Increased 5-hydroxymethylcytosine in CD4+ T cells in systemic lupus erythematosus

Ming Zhao, Jing Wang, Wei Liao, Duo Li, Mengying Li, Haijing Wu, Yiqun Zhang, M. Eric Gershwin, Qianjin Lu

Research output: Contribution to journalArticlepeer-review

56 Scopus citations


One of the major disappointments in autoimmunity has been the relative lack of informative data when genomewide associations (GWAS) have been applied to patients with systemic lupus erythematosus (SLE). Indeed, there is increasing evidence that SLE is characterized by widespread epigenetic changes. 5-Hydroxymethylcytosine (5-hmC) is a newly discovered modified form of cytosine suspected to be an important epigenetic modification in embryonic development, cell differentiation and cancer. DNA methylation dynamics have already been implicated in the pathogenesis of SLE, while little is known about hydroxymethylation in this process. Here, we show an increased 5-hmC level in genomic DNA in CD4+ T cells of patients with SLE compared with healthy controls, accompanied by the up-regulated expression of the Ten-eleven translocation TET2 and TET3, which can enzymatically convert 5-methylcytosine (5-mC) to 5-hmC. Moreover, we present the differential patterns of DNA hydroxymethylation in genome-wide promoter regions in SLE CD4+ T cells compared with healthy controls. We identified 2748 genes with increased 5-hmC levels in promoter regions in SLE CD4+ T cells, which were enriched in critical pathways, including neurotrophin signaling, WNT signaling, MAPK signaling, calcium signaling and the mTOR signaling pathway. Through a combined analysis of differential DNA hydroxymethylation profile and gene expression profile in SLE CD4+ T cells, we found 131 genes with the increased 5-hmC in promoter regions and up-regulated expression in SLE CD4+ T cells compared with healthy controls, including selected immune-related genes, i.e. SOCS1, NR2F6 and IL15RA, which were also confirmed by ChIP-qPCR. Furthermore, we demonstrate that CTCF, as a transcription factor, can mediate DNA hydroxymethylation and contribute to overexpression of SOCS1 in CD4+ T cells through binding to the promoter region of SOCS1. Taken together, our study reveals a critical differential 5-hmC in the genome-wide promoter regions of SLE CD4+ T cells and provides a novel mechanism that suggests that DNA hydroxymethylation contributes to the aberrant regulation of genes transcription in the pathogenesis of SLE.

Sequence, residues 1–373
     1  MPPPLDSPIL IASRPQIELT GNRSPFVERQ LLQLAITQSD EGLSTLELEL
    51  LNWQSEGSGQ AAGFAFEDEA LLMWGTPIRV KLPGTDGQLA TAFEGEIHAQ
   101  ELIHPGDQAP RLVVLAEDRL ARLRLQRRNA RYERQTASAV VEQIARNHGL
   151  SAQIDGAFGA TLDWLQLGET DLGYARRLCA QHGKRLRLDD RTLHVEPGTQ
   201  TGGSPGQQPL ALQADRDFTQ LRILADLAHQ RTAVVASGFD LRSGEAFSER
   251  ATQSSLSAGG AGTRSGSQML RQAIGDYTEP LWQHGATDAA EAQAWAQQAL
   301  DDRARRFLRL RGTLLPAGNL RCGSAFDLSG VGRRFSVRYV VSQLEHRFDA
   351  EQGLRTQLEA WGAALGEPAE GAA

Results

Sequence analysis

Original languageEnglish (US)
Pages (from-to)64-73
Number of pages10
JournalJournal of Autoimmunity
StatePublished - May 1 2016


  • CD4 T cells
  • CTCF
  • Epigenetics
  • Hydroxymethylation
  • Methylation
  • SOCS1
  • Systemic lupus erythematosus

ASJC Scopus subject areas

  • Immunology
  • Immunology and Allergy


Dive into the research topics of 'Increased 5-hydroxymethylcytosine in CD4<sup>+</sup> T cells in systemic lupus erythematosus'. Together they form a unique fingerprint.

Cite this